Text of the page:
Saturday afternoons are sleepy in west Jerusalem. Almost all the shops are closed for Shabbat, and have been since Friday afternoon. By the time 2 or 3 rolls around on Saturday, I’ve gone pretty stir-crazy, especially if I’ve wanted to put in some work on the dissertation. This weekend it has stormed and hailed on and off through the day and night, making it doubly challenging to get out of the house and get some fresh air. But around 4 the sky finally began to clear, and I left West Jerusalem to study for the first time at the Educational Bookshop’s café. Unlike the majority of cafés in West Jerusalem, this shop does not observe kosher and thus can open on Saturdays.
On the map you can see that I crossed the green line to get here - the line that divided the city between Israeli control on the west, and Jordanian control on the east, before Israel’s 1967 annexation of East Jerusalem. The street is called Heil HaHandasa on the map. Having to cross over from east to west makes me think that the café is far - too far to walk, perhaps (and the buses don’t run on Saturday). In fact it is much closer than my other favorite Saturday spot, Lev Smadar in the German Colony. So I venture out when the rain clears, passing through a stretch of the city center on my way, deserted except for a few groups of Ethiopian Israelis, and the occasional Orthodox man on his way to prayer. The sleepy Shabbat afternoon, after the rain, sets a great backdrop for some photographs of old buildings whose history I don’t (yet) know.
Before I know it, I’ve crossed the main road and find myself on the east side, just north of Damascus gate. Salah Eddin is stirring with activity, and with the rain and the traffic and the sidewalks packed with pedestrians, it begins to feel like so many cities might feel on a weekend afternoon. And perhaps now I understand why the journey might have felt so far.
Few things so good for the soul as Friday afternoon shopping at the shuk. A couple hours before sundown and the start of shabbat, the vendors start to heckle like crazy. They get so into their performances, that in a way, it’s like a free, impromptu concert every week. If you want to eat cheap, Fridays at the shuk are the way to go: You can get a bag stuffed with fresh vegetables for under a buck, and eat like a queen all week long.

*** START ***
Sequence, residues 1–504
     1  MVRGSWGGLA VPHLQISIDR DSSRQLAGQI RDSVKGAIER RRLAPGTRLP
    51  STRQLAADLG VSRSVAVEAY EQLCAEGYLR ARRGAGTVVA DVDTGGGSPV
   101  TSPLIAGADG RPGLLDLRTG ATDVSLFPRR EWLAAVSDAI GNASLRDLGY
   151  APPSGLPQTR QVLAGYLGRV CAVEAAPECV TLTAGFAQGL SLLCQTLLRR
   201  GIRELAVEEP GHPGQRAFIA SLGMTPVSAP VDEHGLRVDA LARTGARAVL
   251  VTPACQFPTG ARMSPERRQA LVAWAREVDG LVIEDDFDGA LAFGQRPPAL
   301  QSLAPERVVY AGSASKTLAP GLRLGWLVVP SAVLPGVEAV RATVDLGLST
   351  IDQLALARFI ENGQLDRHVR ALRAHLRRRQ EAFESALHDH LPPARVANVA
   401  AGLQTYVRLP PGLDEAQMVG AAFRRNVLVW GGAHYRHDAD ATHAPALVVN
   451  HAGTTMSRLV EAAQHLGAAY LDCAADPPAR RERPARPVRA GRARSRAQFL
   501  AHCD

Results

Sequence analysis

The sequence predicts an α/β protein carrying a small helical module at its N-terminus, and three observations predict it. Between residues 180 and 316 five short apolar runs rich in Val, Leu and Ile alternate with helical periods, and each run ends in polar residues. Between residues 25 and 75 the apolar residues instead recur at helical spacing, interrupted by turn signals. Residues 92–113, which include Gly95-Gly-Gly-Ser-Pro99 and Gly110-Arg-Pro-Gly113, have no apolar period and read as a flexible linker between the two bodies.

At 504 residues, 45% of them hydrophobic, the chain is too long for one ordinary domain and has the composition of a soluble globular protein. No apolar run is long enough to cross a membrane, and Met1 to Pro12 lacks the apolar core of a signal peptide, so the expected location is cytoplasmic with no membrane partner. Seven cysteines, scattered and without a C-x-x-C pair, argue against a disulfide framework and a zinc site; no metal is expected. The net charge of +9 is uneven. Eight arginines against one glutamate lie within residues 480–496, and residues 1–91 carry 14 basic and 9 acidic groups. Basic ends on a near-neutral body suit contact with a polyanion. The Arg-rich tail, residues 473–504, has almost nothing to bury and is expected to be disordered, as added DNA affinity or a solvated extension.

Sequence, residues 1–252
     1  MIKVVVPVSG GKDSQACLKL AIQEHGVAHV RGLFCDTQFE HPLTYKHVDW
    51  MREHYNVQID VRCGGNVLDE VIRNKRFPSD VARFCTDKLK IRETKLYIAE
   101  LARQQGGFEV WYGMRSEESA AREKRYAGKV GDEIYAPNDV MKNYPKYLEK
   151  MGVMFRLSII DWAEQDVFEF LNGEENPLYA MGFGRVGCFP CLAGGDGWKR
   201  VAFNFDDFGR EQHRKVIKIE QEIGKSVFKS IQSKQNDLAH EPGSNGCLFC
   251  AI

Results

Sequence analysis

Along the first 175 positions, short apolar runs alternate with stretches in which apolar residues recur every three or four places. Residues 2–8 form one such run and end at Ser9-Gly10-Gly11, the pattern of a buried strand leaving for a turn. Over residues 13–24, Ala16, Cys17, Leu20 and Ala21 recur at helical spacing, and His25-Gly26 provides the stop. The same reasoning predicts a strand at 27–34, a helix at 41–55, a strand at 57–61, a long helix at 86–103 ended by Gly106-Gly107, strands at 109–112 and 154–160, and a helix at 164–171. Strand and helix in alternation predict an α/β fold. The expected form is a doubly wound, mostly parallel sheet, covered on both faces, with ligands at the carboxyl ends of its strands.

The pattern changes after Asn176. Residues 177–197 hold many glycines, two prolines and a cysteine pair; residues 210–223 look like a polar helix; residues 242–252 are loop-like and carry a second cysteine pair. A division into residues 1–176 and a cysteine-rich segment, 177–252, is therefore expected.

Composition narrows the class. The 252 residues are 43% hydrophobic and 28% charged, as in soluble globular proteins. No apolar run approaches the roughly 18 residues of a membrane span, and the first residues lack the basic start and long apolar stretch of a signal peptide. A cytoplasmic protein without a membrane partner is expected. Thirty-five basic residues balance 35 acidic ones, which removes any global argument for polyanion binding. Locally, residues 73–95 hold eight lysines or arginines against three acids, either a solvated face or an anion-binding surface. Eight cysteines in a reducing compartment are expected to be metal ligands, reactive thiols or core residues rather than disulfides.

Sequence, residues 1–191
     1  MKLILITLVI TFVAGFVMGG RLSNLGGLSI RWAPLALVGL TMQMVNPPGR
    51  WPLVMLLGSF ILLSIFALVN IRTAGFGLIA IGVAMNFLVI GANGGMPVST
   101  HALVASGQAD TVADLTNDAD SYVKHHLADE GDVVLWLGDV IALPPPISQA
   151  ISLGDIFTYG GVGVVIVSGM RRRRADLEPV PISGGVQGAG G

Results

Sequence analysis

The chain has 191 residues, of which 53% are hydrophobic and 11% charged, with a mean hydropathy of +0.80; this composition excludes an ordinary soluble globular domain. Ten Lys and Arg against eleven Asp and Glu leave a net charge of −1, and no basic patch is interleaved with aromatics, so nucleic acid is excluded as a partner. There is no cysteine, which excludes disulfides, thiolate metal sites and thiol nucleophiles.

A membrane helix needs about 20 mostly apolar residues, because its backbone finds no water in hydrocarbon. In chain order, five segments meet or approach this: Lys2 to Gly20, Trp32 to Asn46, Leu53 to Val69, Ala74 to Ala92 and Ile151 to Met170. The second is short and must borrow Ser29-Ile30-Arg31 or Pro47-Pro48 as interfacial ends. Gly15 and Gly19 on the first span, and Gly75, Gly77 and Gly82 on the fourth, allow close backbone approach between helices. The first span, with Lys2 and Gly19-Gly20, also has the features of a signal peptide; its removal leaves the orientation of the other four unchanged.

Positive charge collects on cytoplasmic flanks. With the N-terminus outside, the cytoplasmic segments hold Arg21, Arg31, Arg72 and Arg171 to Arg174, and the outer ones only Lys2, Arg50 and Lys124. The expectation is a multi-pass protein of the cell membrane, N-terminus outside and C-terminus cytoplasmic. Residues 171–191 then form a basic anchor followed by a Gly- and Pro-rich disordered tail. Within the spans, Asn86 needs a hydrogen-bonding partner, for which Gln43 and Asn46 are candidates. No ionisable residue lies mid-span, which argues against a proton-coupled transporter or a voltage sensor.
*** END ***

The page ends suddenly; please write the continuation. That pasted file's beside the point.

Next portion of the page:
What are you craving? What do you need to stock up on? You’ll find shops full of fresh grains, spice shops, arrays of pastries fresh out of the oven (my favorite is the woman singing about burekas - “Esrim shekel, esrim shekel!”), shops for nuts and seeds. There are half a dozen bakeries within the market itself, so you can buy your pita, moroccan bread, challah and baguette straight as it comes out of the oven - it doesn’t even have to touch the bakery counter. Or how about dried fruits? Beyond the standard dates, raisins, figs, apricots, apples, pineapples… you can also find mangoes, papaya, kiwi, and (delicious!) dried strawberries.
You’ll also find a few specialty wine and cheese shops; some top-notch butchers, fresh fish, and dried meats. There are even a handful of cafés and bars in the shuk - catch a cool beer or a glass of wine after your afternoon shopping.
My most recent find was a spice shop toward the Agrippas end of the market, run by a kind old man who helps me select the right teas and coffee (and coffee grind). Today I bought some sea salt from the Dead Sea; last week some fresh loose-leaf teas: rooibos, a fruit-floral blend, and sage. In fact, it was awhile ago now that I first visited this shop: the first time, in search of some cooking spices, I ended up overturning one of the bins, and, mortified found myself with a pile of dried thyme at my feet. The shop owner brushed it away graciously, and I decided then I’d make a point to patronize this shop whenever possible.
Do I sound like a travel guide? That’s partly because I’ve spent part of this week doing some freelance writing for a travel company in the bay area, providing some descriptions for a trip they offer through Nepal. It’s been fun to venture out of the academic mode and try my hand at a different kind of writing - fun, too, to write about a vastly different kind of landscape - stark mountains, remote countryside.
But beyond that, I’m just trying to paint a picture for you back home, of what an interesting, lively place this is. Please, some of you need to come visit already: I want to share these charming places with you!
And here are some photos from a Friday trip to the shuk a few weeks ago: